Eric Watkins:

And what what that what's that department doing over there? How how do you how have you seen businesses maintain the consistency because I've seen the the trend of we'll have a leadership topic we'll bring it up we'll be all fired up about it and then a year later, you know people tend to forget Yeah,

Unknown:

so interesting. We had an article and I can get this to you for free all to share but we had The New York Times did an article on us about a year ago. And it was actually about our work with a mining company, which is not like your most soft kind of setting. And part of it is you try to make it part of your culture, right. So that for these guys, they actually we have visual symbols for each language. And they had stickers printed for their hard hats. And so you have visual reminders. But also, the organization made it part of their onboarding process, that after actually, the team member had to earn the right after six months of probation, then they could go through the training and take the assessment. And so became sort of a cool thing about what your language of appreciation is. So it's, it's sort of incorporating it and implementing it within existing structures. You don't want to have more meetings, you don't need an appreciation meeting. But you, you know, you talk about that in one of your staff meetings or your leadership meetings, so that it's sort of just woven into the day to day and we can certainly structure Yeah.

Eric Watkins:

All right. So let's talk let's dig into the five languages. So what are some of the I think you mentioned words of affirmation is about 50% of people? And then 50% of people is everything else?

Unknown:

Yeah, words is actually 46%. Yeah, and they're words that are affirming, right, we're affirming the value of somebody. And so it can be spoken. It can be written a note, text, whatever. The key is, that you need to be really clear and specific. We have 95,000 people or so on our newsletter list. And we do polls, occasionally, we asked, What don't you like to hear? And one of the main things people said is, I don't want to hear good job, good job. Because what does that mean? It doesn't take any time or effort, you know. And so really, we teach a model of being very specific use person's name, you tell specifically what they've done, or what you've observed, that you value. And then third, why it's important either to you or to the organization. And the more specific you are, the more likely it is to be perceived as genuine and authentic versus just sort of slapping it out there.

Eric Watkins:

So for words, for words of affirmation, if that's your language, does it matter if it's written or verbal?

Unknown:

Yeah, it differs. And actually, one of the things that we found out when we first developed our assessment tool, we just identified a person's primary language, but like quality time, I had, you know, a manager say, Well, what does that mean? What am I supposed to do? And so we went back and retooled it, so that after we identify a person's primary language, we then give them a list of actions to choose from, and also from whom, so like, yeah, it could be just, you know, write me a note of encouragement. It could be, you know, call out, you know, something good I've done in front of the team, we've actually found that 40% or more of employees don't like to be recognized in front of a large group. And so doing that sort of big show kind of thing. You salespeople, you guys didn't like it, because, like, Bring me the camera and the TV, you know, but, you know, just spoke to a group of librarians, 500 librarians, I over 90% I always ask how many don't want to go up front, 90 over 90% of librarians. 66 60% of administrative assistants don't like to go up in front of a group. So if you guys design it for y'all, it's okay. But pulling somebody upfront, often doesn't go off.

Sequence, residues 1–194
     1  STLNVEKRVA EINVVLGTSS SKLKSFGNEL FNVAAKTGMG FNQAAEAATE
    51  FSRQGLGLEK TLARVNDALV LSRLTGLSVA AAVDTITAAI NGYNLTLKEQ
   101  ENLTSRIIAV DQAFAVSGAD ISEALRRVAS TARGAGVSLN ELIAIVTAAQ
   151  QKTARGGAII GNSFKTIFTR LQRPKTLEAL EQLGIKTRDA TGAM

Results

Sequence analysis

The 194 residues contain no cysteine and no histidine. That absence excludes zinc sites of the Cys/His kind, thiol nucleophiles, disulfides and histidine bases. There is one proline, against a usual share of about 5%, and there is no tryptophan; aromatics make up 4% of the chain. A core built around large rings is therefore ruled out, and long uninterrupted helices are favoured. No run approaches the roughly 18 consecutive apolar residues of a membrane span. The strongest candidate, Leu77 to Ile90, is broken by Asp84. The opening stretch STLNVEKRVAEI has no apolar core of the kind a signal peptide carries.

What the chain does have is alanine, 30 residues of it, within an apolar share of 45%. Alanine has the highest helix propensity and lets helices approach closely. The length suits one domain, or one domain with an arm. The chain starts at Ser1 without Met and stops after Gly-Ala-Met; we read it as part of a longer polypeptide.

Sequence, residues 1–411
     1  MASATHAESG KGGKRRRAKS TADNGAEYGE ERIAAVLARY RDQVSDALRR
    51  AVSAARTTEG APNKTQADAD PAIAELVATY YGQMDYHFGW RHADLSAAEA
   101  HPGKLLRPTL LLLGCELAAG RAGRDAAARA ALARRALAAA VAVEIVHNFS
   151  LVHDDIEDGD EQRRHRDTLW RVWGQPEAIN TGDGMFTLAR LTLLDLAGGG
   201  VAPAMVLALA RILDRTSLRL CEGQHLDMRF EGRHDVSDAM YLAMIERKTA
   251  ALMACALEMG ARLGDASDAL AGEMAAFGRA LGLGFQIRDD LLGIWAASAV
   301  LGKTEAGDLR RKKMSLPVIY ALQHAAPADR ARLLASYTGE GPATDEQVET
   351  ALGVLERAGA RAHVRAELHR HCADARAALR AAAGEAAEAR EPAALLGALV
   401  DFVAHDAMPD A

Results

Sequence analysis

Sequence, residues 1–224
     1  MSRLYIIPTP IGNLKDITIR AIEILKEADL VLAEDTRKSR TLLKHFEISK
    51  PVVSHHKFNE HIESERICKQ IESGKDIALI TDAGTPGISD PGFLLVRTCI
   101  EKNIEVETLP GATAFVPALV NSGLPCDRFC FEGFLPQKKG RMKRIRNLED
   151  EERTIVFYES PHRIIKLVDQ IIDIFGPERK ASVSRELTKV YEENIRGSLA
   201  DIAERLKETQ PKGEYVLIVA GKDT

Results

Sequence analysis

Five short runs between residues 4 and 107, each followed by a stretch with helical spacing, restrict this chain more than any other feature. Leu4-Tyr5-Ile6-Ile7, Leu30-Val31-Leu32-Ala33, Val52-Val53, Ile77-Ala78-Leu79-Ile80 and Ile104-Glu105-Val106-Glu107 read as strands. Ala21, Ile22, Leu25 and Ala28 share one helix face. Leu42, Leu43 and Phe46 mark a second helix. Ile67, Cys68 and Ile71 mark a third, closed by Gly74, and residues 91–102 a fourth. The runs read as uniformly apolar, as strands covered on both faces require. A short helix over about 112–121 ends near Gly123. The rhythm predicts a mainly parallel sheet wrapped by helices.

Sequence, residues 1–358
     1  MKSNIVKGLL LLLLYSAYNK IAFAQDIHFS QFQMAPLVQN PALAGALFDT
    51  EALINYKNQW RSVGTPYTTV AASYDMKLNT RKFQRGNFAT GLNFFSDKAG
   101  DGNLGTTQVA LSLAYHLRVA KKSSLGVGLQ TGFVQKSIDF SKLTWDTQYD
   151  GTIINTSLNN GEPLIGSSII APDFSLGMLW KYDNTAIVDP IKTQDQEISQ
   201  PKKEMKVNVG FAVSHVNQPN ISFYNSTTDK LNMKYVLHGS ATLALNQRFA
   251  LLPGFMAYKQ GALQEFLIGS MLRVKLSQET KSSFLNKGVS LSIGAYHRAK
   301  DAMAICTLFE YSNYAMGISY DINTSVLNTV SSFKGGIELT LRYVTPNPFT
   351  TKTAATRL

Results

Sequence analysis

Eric Watkins:

Well, I will say, contrary to popular belief, I'm a natural introvert and a lot of our most successful salespeople are actually natural introverts. You know, because I just think sales has changed in general. You know, it's more about helping people overcome problems, then who can give the best presentation, but correct. We we have about half of our people who love being up on stage? Yes, not let that get lost. Okay, so words of affirmation is a big one. How about quality time you hit on that a little bit?

Unknown:

Yeah, quality time is 26%. So about one about every four employees. And it actually breaks out it's changing over time. We we do research as we've gone along and published, published 20 Plus research articles. And one is to look at how it changes across age groups. And what we've recently found just last year, was that the younger the employee, the more likely if it's quality time, they want time with their colleagues and peers. You know, in the old days, there was a saying you don't leave a job you leave a manager or supervisor. It's less true than it used to be. older employees do value one on one time with their supervisor manager. We all share ideas or be listened to, but younger employees like to get together and hang out. And and so for example, Apple, the issue about choosing from whom you want it, you may want to get together and watch a sporting event with your team but not invite your supervisors. So we let you sort of indicate that because the whole goal is we want to help you be effective in communicating appreciation in a way that's meaningful to the recipient, and not just do a bunch of shotgun things and hoping it hits. Right. So. So that really can hit the target.